Valletta has long been seen as a tourist hub for several obvious reasons, ranging from its stunning monuments and buildings, to the sheer number of restaurants and stores present.

This is backed up by the wide array of retailers that have been open for decades, with some establishments' roots stretching back to the 19th century. The capital has undoubtedly undergone a large number of aesthetic changes over the years, however many of its historic stores have either maintained their original appearance or have slightly refined it to stay aligned with their values.

Speaking to, Manuel Busuttil, the owner of Joseph Busuttil Handmade Maltese Lace, which has been open for more than a hundred years, said that the store’s façade has a “huge effect” in attracting customers to the shop.

Joseph Busuttil

Joseph Busuttil Handmade Lace / Deepshikha Sharma / Google Maps

“Some customers initially enter our store because of the beauty of the façade itself,” Mr Busuttil added.

Jean Bernard Galea, the owner of Victor Galea Haberdashery, located in St John Street, remarked that the store’s façade is a “bonus” since it “adds a lot to the store’s character”.

“People stop to take loads of photos of the façade, and they are encouraged by it to enter. Furthermore, the genre of our business complements it, so in our case, it is a plus point,” Mr Galea explained.

Johann Farrugia from Firm George Zammit, a store which has been open since 1888 and is commonly known as Tal-Hwawar, added that in the past, the size and appearance of a store didn’t really have an effect on encouraging people to enter.

“The shop has been here for a long time and people know it as a small shop in the corner, so it wouldn’t have made much of a difference had our façade been small or not. In the past, having such a small shop was the norm,” he continued.

Mr Farrugia added that while the façade has to be restored and kept up to date, it “has to always be done in a way that abides by the law to ensure that it fits with the surrounding area and its history”.

However, such restoration “requires huge expenses”, Mr Galea said, before calling for the Government and respective authorities to “offer some form of subsidy to assist such businesses to cover these costs and maintain the store’s beauty”.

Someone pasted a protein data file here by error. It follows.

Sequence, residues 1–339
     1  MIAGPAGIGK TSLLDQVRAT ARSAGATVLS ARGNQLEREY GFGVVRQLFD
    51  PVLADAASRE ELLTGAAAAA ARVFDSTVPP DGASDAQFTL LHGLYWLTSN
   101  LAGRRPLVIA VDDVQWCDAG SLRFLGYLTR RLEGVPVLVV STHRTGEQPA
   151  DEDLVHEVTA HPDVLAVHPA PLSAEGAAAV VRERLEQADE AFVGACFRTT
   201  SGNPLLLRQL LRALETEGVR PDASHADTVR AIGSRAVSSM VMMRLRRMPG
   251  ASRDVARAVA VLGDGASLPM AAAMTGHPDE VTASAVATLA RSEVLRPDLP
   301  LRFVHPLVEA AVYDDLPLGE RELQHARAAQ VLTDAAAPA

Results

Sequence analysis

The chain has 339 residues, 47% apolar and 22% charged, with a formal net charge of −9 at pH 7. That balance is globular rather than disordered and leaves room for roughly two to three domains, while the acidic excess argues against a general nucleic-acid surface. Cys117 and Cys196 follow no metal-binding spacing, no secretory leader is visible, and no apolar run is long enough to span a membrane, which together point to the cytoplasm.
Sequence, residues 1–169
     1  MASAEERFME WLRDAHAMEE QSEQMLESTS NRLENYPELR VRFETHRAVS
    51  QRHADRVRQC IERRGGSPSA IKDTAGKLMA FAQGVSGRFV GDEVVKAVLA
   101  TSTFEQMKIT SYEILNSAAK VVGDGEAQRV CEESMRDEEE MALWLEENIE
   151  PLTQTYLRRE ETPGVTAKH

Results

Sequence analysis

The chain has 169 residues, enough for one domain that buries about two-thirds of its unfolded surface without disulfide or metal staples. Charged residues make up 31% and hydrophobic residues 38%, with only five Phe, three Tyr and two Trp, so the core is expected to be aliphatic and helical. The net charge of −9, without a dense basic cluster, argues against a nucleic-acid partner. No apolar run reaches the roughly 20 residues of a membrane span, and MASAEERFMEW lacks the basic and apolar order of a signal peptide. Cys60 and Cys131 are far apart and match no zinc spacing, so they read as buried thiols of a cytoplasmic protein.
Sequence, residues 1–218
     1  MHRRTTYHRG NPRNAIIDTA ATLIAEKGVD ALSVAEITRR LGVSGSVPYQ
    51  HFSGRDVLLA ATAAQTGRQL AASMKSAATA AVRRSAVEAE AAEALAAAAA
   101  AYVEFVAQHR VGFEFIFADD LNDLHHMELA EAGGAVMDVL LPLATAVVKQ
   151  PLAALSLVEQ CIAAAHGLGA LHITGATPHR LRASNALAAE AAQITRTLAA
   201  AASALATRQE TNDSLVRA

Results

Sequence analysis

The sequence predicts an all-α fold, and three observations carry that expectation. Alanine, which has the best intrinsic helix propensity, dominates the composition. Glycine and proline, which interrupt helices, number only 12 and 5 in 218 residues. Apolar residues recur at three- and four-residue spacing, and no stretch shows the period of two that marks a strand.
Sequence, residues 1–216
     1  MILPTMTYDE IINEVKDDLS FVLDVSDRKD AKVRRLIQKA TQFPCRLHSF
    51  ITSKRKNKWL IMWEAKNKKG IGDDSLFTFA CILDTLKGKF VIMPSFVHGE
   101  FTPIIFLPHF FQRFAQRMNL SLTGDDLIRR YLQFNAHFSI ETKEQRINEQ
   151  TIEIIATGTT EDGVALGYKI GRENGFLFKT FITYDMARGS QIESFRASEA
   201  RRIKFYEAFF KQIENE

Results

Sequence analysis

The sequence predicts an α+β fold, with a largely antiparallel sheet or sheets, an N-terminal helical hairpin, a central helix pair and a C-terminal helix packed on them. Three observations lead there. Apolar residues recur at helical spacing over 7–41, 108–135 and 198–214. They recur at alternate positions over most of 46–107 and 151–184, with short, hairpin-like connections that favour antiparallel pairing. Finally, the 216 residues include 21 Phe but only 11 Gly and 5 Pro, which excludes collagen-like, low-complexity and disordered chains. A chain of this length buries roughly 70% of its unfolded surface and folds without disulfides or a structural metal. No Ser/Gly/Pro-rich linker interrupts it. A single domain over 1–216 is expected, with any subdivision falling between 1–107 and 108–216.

“We left it [the store’s façade] as it was, and I think we should keep it that way,” Mr Busuttil said, before adding that “Valletta’s value today as a capital city is starting to drop because we are losing these historic and beautiful façades to more modern ones”.

When asked whether Valletta – and Malta as a whole – is starting to lose its identity given the rise in foreign and more modern retail chains, along with the closing of a number of older ones, the three store owners were in agreement that this is the case.

“Other establishments, particularly bars and restaurants, are pushing us away, and hence not giving us much reason to stay open as an old shop in Valletta. You end up feeling like one day you simply have to leave,” Mr Farrugia said.

Earlier this year, household goods store Caruana & Sons was forced to close after 85 years of operations due to the property’s landlord wanting the building back. The family-run business was the “last shop of its sort in Valletta”, as people are now more inclined to look for places outside the city to do their shopping.

Firm George Zammit

Firm George Zammit / Tripadvisor

Mr Busuttil remarked that Malta is starting to lose the identity it is known for, with some tourists that visit the store even telling him that “these types of shops are not that common anymore”.

While Mr Galea acknowledged that Malta losing its identity allows for such stores to remain popular as isolated spots of the country’s rich culture, he added that “Valletta is becoming another Paceville due to lots of cafés and restaurants”.

“It is a pity given Valletta’s rich history, but this is a problem that a number of other European cities are facing, not just those in Malta,” he continued.

To make it even worse, Mr Farrugia added that older stores in Valletta have been given "little to no support" from authorities to stay open. “In the past, nobody seemed to take enough care to keep us and other small shops alive, not providing us with the necessary help. All of a sudden, we are the least shops present in Valletta,” he said.

“In fact, we are considering closing our shop because bars and restaurants are taking the place of everything, and the competition with larger stores from both inside and outside the city is becoming tougher and tougher,” Mr Farrugia added.

However, he concluded by saying that given the rich history of the items used at Tal-Hwawar and other iconic shops across the capital, they can be used for other means, “possibly as a museum of some old tools from our craft”, as after all, such items have “great historical value and we’ve been open for a very long time”.

Main Image:

Victor Galea Haberdashery / Facebook

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Written By

Fabrizio Tabone

Fabrizio has a passion for the economy and technology, especially when it comes to innovation. Aside from this, he also has a passion for football and movies, and so you will often find him either with a ball to his feet or at the cinema checking out the latest releases.